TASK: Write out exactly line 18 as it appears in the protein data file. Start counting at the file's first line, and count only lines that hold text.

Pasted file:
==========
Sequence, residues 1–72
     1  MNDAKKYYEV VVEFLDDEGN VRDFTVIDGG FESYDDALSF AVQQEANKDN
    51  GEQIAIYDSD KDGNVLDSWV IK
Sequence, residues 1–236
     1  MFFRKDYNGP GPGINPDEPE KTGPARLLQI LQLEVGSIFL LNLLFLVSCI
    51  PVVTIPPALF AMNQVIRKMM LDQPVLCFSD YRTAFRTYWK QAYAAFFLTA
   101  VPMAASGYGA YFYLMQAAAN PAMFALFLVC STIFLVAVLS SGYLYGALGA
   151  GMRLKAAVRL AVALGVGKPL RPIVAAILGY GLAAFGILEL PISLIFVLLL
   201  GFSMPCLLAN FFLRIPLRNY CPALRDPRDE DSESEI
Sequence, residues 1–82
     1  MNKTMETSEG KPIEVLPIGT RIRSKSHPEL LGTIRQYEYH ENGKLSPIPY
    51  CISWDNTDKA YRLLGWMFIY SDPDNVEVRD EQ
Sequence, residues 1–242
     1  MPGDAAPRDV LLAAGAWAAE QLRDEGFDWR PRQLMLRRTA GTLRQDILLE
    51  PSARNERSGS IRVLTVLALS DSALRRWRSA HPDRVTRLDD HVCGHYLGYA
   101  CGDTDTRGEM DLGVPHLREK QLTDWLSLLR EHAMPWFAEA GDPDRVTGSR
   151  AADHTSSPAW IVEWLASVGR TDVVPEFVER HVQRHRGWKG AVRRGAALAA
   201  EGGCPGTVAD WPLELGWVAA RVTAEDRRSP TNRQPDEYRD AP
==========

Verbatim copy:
   201  EGGCPGTVAD WPLELGWVAA RVTAEDRRSP TNRQPDEYRD AP